Giving back to the community is a priority for many local families, such as the Groleaus of Dauphin County, who volunteer at The Capital Area Therapeutic Riding Association. "The kids love going every week and I enjoy going," said Dawn Groleau, of West Hanover Township. "It makes them feel good to help individuals with disabilities because they have the ability that others don’t."
There’s never been a better time to get involved in giving back to your community. And, there are more opportunities available than ever before. Many nonprofit organizations in the area run on a shoestring budget and welcome volunteer help. No matter what the reason for volunteering, many say it’s a valuable experience.
Pride in helping others
Dawn Groleau, her son Troy, 15, and daughter Emily, 12, first started volunteering at CATRA more than a year ago. "My son needed to do volunteer hours in order to earn his confirmation through the Catholic church," Groleau explained. "It’s a little challenging to find volunteer opportunities for teens under 18."
CATRA is a nonprofit organization located at a farm that provides therapeutic riding lessons to those with disabilities. Owners Ben and Shirley Nolt run the farm along with their multitude of volunteers—there are no paid staff. "Everything that gets done, gets done by volunteers," Ben Nolt said.
Volunteers at the farm help with everything from feeding the horses and cleaning stalls to helping with the lessons or baling hay. "You kind of do whatever is needed," Dawn Groleau said. "Everybody is willing to help everyone. If you are not sure how to do something there’s always someone to ask. I would definitely recommend families volunteer at CATRA."
Troy Groleau completed his mandatory hours of volunteer service over a year ago and along with his mom and sister, still continues to volunteer at CATRA. "They recognize your time is very important and the respect your time. You don’t feel like it’s a chore."
Nolt said they always need volunteers and anyone is welcome at CATRA. "The little ones come with their parents until they are about 13 or 14. Since volunteering is a learned activity, we try to encourage it. There’s always something that everyone can do," he said.
A place to call home
Six years ago Jeff and Carrie Korkie were the proud recipients of a Habitat for Humanity Home in Dover. They needed to contribute 500 sweat equity hours working for Habitat to receive the home and had the time completed before they accepted the keys to their new place.
Today they are the "go to" family for the York Habitat for Humanity and continue to volunteer their time and energy to help the organization. "We are a Habitat family forever," Carrie Korkie said. "We never say no—they did so much for us."
Along with their children, Shawn, 16, and 12-year-old twins Catie and Emily, the Korkies volunteer in a number of ways. "I help a lot with the parties and the picnics and phone calls," she said. "(Catie and Emily) hand out flyers, helping with the events. We made gift bags last year for all the kids at the Christmas party. They help me shop and get involved as much as they can."
Jeff Korkie serves on various boards for Habitat, including the current build for veterans. Shawn, a musician, volunteers his time playing the piano for different events, including the organization’s annual gala. "They have him play at the Christmas parties throughout the evening—that’s a big way that he gets involved. [Music] is his world, so he doesn’t mind," she said.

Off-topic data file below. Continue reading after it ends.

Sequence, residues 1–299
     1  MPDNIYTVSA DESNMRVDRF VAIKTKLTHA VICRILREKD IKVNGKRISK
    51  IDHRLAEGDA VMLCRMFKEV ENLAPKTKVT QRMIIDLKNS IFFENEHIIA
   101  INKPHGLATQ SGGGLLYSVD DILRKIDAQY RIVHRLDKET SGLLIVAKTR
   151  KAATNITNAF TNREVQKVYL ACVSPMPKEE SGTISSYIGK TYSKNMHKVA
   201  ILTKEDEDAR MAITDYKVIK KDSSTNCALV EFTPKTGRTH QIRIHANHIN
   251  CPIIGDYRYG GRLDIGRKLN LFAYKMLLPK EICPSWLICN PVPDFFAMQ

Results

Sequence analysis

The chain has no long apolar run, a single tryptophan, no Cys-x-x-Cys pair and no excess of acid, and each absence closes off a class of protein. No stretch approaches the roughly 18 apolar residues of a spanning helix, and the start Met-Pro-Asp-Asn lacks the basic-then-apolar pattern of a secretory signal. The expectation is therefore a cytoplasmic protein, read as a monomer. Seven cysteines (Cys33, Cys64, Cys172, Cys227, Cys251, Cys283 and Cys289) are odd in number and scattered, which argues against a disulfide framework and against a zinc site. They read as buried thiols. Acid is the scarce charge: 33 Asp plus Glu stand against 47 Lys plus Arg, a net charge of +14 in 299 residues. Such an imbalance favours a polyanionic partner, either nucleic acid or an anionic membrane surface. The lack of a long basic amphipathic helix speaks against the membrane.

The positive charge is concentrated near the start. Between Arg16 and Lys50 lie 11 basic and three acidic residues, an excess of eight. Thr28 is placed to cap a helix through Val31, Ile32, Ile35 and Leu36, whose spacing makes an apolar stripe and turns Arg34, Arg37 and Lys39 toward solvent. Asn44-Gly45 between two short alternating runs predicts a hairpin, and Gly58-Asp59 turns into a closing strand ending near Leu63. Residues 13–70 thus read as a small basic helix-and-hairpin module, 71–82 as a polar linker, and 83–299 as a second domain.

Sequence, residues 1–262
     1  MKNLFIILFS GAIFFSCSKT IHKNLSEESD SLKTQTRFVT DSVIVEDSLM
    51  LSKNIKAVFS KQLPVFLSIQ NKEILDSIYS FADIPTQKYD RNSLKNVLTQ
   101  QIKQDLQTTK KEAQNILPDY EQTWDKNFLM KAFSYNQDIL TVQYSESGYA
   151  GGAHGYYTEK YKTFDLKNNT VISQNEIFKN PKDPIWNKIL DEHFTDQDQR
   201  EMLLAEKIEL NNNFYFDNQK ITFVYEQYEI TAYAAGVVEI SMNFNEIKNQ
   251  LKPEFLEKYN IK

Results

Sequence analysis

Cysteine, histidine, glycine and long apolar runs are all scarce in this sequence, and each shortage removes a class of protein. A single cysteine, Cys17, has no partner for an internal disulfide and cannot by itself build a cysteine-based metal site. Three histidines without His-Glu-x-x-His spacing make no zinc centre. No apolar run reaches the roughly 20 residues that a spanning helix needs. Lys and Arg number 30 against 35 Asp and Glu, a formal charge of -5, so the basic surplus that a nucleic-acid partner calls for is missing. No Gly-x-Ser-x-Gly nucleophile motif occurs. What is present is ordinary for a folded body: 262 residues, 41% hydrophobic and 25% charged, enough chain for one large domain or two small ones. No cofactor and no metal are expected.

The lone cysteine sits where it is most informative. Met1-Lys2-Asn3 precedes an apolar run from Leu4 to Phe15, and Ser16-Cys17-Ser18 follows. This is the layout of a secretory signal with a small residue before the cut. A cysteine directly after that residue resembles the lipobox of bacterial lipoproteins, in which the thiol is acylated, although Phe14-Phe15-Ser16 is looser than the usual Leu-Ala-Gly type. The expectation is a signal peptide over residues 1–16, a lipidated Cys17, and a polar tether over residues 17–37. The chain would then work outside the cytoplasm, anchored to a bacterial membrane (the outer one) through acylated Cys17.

Debbie Krout-Althoff, executive director of the York Habitat for Humanity, said they can find a job for anyone who wants to volunteer, from children to senior citizens. "There truly is a place for everyone," she said.
Although volunteers at the construction site must be at least 16 years old, there are still many other things that volunteers can do to help. "They can help fill a pantry for a family by collecting non-perishable foods. Youth can build planters or outside boxes or do welcome mats," she said.
"There are a million different ways to get involved with Habitat," Korkie said. If you are thinking of volunteering but don’t know where to begin, Korkie said, "Habitat is a great place to start. You can get the whole family involved."
Teens united in giving back
The United Way of the Capital Region offers the Youth Allocation Panel, made up of students in ninth through twelfth grades in Dauphin, Cumberland and Perry counties.
Students spend the year learning the basic principles of fundraising, setting goals, evaluating proposals, the grant process, and decision-making, explained Beth Zangle, eighth grade instructional support aide and VolunTeen coordinator for Camp Hill High School. "They are responsible for their own fundraising and then they put their money together. These children from different high schools then have to work together, just like a board would, and make Roberts Rules decisions as to who they think deserves the money. It puts them in a grown-up position very quickly," Zangle said.
YAP advisor Heidi Newhaus said "the kids learn a lot from it. There’s nothing mock about it. They are allocating to real programs in the community." In addition, panel members also elect a representative to serve on the UWCR board of directors and campaign cabinet.
Seventeen-year-old Liz Clarke, a senior at Camp Hill High School, said if teens have a chance they should join the panel. "I’m really glad I have done it because it’s given me a greater appreciation for what people do and the work they put in to help the community. Being a part of it makes you more aware of the issues. It also definitely helps you to kind of get an idea of what you can do yourself," Clarke said.
Marina Shannon is a freelance writer and married mom of two energetic boys in Waynesboro.
For more information on how you can
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